It is due to the inability of having a congress, and a president that cannot work for the people, rather than their party. Today, we have an extreme example of how ineffective and incompetent is the government.

Blaming the other side for its inability to work together is just as bad as the perceived failure of that party. In essence, both parties have failed because their job was to work together, and not against each other.

---------

You wrote

Unfortunately, conservatism have been successfully dismantling what has been gained since 1980 to now.

bm:

Nothing has been gained, but we are losing everything.

------------

You wrote

You said "We are still arguing about the effectiveness of these laws even today. It certainly didn't help much last century." By last century, I assume you mean 1965 - 1999. If so, then I must wholeheartedly disagree. I think all those represented by the movie "The Maid" would disagree as well as those who finally were allowed to use the right to vote they were given 100 years earlier and are now starting to be denied again thanks to Chief Justice Roberts AND Congress ... the whole Congress in this case.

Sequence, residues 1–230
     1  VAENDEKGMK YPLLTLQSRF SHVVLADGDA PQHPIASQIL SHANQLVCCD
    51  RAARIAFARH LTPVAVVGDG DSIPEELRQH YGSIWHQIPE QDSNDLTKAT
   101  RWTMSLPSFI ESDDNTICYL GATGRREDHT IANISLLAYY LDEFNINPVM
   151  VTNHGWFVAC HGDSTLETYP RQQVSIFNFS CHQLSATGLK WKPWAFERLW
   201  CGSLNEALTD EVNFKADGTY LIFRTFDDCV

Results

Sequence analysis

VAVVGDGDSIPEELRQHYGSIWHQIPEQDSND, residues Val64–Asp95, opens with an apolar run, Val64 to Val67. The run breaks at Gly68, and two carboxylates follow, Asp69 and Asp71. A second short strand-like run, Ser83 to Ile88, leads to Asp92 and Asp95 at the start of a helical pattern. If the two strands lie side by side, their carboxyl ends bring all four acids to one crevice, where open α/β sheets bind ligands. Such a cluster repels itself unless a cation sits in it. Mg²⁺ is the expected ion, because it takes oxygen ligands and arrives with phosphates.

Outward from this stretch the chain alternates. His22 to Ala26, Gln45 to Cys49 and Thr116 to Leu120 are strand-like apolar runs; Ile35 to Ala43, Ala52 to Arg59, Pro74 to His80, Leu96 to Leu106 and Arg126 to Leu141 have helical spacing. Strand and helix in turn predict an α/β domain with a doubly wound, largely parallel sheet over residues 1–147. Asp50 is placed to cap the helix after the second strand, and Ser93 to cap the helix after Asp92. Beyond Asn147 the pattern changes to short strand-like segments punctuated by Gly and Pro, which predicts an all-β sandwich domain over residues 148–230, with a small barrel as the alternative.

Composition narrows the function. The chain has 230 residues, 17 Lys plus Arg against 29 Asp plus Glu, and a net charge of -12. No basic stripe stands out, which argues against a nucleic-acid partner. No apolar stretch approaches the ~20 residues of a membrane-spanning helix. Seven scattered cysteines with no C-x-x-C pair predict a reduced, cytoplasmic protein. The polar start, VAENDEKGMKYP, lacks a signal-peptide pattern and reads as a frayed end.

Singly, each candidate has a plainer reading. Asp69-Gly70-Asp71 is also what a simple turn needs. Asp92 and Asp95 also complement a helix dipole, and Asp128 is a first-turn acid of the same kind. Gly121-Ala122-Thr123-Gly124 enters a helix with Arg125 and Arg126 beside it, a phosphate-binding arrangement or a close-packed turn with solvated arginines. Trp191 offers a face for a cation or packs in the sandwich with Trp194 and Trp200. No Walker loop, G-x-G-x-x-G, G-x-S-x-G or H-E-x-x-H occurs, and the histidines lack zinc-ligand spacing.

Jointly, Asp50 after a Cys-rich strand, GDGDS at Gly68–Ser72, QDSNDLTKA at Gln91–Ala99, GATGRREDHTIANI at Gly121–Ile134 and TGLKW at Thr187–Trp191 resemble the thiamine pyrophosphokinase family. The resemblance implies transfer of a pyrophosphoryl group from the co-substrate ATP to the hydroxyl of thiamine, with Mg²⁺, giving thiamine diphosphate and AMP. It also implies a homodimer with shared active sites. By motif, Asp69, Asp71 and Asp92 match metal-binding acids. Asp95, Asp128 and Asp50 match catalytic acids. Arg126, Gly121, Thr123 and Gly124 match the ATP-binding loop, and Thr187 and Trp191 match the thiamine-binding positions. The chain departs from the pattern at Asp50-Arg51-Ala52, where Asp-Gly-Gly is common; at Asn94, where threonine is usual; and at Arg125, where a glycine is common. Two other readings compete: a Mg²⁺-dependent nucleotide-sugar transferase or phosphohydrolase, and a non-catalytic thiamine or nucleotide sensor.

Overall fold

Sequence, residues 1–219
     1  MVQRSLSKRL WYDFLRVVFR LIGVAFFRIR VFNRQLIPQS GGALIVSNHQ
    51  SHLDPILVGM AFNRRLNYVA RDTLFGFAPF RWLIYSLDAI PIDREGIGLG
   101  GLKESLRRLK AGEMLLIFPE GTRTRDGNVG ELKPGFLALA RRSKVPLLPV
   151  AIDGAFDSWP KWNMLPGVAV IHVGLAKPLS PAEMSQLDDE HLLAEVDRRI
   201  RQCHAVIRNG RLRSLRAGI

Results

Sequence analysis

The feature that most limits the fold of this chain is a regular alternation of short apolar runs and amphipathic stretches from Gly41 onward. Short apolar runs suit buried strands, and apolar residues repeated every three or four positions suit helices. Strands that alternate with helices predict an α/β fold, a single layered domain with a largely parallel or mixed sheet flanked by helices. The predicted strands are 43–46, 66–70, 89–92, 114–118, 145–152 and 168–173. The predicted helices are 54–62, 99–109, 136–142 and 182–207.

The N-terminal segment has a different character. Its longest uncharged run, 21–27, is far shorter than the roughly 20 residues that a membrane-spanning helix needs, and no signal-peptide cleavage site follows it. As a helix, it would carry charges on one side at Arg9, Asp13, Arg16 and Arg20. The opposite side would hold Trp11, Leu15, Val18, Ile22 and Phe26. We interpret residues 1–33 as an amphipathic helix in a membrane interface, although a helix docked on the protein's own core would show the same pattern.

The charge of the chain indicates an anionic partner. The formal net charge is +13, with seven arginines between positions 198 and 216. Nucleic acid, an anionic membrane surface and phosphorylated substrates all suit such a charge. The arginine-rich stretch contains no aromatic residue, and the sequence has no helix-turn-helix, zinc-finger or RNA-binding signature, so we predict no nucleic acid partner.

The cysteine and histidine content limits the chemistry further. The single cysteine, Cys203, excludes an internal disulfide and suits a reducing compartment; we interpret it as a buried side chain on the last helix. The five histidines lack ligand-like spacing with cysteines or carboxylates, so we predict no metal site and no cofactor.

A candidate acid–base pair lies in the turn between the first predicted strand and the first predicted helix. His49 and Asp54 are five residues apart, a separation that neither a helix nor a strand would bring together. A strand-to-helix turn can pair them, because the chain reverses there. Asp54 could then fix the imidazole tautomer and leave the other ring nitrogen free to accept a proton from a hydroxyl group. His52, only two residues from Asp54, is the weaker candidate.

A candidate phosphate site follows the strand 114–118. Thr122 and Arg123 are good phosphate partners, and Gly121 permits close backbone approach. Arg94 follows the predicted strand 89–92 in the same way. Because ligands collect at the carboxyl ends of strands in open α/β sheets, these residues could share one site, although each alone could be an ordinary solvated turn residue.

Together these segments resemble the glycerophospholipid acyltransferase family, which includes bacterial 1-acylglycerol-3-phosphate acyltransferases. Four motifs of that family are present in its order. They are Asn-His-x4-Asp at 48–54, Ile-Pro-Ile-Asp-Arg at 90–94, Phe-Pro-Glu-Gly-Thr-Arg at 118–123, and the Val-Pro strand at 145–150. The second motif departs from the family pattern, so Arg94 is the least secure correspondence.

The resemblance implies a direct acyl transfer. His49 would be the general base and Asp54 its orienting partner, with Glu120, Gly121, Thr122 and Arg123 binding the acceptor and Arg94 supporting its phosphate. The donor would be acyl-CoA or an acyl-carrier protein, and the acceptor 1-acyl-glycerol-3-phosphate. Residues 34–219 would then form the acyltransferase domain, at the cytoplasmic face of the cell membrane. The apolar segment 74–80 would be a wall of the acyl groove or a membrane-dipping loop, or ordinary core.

bm:

Late last century, the blacks were not protected by the silly laws of congress, and their grievances were real, but today the grievances are perceived and fabricated.

Blacks are successful in sports, music, and entertainment, but they fail at education and business. As well known as they are in sports and music, they are also well known in crime, welfare, and not being educated.